By I-Hsien Sherwood | i.sherwood@latinospost.com (staff@latinospost.com) | First Posted: Jan 15, 2013 06:20 PM EST

A plaque is pictured at the entrance of the Fitch offices in downtown Milan January 24, 2012. (Photo : Reuters)

Fitch Ratings warned that it would drop the top rating of the United States if the debt ceiling wasn't raised in a deal between the White House and reluctant Republicans.

"Fitch's warning comes as President Barack Obama and Republican leaders in Congress jostle over a vote to raise the country's borrowing limit," wrote the Wall Street Journal. "And just as the credit-rating firms are closely observing the action in Washington, lawmakers there -- and investors around the world -- are keeping an eye on the analysts who hold the fate of the U.S.'s credit rating in their hands. A lower rating could raise the country's borrowing costs or at least signal to investors that its fiscal house isn't in top shape."

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Fitch might still lower the country's rating even if lawmakers reach a debt ceiling deal, if that deal doesn't include measures to significantly lower the federal debt.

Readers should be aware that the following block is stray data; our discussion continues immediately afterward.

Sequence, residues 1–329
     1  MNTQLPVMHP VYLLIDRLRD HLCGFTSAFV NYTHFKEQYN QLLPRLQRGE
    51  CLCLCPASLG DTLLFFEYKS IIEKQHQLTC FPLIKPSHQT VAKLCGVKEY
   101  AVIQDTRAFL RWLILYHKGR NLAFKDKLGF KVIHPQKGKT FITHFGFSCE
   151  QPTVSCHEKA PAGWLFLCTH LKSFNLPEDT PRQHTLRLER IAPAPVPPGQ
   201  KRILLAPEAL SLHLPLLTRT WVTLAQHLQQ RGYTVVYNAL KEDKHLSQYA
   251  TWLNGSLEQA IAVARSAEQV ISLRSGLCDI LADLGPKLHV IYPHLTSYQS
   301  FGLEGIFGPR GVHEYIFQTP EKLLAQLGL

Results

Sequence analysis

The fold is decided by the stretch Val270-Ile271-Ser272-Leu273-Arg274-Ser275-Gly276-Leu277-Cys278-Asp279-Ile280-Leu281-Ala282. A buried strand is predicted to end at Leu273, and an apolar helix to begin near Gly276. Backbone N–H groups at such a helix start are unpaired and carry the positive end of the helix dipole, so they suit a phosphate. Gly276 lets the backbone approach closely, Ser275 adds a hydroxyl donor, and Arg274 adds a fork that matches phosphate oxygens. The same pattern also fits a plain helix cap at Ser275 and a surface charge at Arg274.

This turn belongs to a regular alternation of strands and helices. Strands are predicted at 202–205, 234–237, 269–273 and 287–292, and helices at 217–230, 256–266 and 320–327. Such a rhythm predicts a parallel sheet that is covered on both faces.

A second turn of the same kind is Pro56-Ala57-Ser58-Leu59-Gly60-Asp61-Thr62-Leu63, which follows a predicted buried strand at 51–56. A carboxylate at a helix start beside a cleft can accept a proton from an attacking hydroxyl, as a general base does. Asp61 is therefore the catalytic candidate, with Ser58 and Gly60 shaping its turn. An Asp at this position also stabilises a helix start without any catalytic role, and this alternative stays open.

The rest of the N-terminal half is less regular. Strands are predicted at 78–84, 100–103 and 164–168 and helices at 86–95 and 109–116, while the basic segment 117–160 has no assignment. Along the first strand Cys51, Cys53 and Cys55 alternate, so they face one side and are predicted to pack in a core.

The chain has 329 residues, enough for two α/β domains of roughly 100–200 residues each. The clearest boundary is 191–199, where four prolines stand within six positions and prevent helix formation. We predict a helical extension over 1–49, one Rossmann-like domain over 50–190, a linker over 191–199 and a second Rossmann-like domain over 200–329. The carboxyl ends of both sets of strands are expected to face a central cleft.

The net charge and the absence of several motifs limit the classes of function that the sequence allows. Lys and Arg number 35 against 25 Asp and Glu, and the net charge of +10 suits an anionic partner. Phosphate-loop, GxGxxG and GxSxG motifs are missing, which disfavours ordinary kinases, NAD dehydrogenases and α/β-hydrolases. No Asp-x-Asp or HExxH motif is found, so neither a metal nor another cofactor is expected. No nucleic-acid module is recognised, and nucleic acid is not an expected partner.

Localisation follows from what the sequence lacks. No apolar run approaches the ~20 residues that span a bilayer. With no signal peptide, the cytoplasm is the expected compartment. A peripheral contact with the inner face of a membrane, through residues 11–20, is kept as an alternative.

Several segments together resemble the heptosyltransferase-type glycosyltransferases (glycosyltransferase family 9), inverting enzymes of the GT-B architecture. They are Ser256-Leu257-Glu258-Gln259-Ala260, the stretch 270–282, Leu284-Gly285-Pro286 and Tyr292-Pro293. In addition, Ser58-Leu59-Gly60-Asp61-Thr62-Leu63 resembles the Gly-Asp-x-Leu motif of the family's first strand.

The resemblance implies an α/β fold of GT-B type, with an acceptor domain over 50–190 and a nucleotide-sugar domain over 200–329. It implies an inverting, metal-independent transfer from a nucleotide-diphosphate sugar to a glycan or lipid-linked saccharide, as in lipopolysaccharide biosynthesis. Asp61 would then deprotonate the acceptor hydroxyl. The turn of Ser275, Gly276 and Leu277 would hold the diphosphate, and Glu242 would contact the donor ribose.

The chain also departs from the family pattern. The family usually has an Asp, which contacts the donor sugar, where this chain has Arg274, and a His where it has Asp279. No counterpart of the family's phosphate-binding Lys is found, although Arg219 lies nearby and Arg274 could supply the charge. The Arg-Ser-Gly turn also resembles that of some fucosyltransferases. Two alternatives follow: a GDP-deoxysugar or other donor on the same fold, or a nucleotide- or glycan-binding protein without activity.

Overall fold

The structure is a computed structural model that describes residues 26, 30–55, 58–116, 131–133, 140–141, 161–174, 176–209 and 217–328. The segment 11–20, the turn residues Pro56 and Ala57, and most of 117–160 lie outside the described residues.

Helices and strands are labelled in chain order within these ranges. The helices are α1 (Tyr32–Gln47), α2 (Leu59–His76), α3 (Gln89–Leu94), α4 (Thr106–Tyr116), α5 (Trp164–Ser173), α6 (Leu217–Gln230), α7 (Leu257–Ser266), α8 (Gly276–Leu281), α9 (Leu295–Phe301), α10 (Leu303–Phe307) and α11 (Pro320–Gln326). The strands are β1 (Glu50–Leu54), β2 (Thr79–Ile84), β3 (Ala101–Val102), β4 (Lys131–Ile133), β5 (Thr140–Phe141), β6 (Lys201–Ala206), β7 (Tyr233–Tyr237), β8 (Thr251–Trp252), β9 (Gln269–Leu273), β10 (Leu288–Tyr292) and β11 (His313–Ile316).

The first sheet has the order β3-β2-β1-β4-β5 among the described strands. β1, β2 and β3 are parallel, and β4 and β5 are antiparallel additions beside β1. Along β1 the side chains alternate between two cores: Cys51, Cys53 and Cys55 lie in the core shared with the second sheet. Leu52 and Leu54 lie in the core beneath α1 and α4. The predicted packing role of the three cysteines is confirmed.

Analysts at Fitch say the after-the-last-minute New Year's deal over the fiscal cliff made them nervous, and they don't want to see another deal come down to the wire when the U.S. bumps up against the debt ceiling, likely sometime in the last two weeks of February.

"We thought it would go to the last minute, but we were somewhat nervous when it seemed to go beyond the last minute into the next day," said David Riley, head of Fitch's sovereign-rating team.

"If we have another one-minute to midnight deal, which we think is damaging to confidence and the recovery, and simply sets up another deadline for six months later, it's not something which from our perspective would be consistent with retaining the triple-A," Riley added.

"If we have a repeat of the August 2011 debt ceiling crisis we will place the U.S. rating under review. There will be a material risk of the U.S. rating coming down," he said.

Another credit rating agency, Standard and Poor's, already downgraded the country's triple-A rating back in August of 2011, during the first round of debt ceiling battles in Congress that resulted in the fiscal cliff and sequestration compromises now hanging over lawmakers' heads.

It was the first time the United States had ever had less than a top credit rating.

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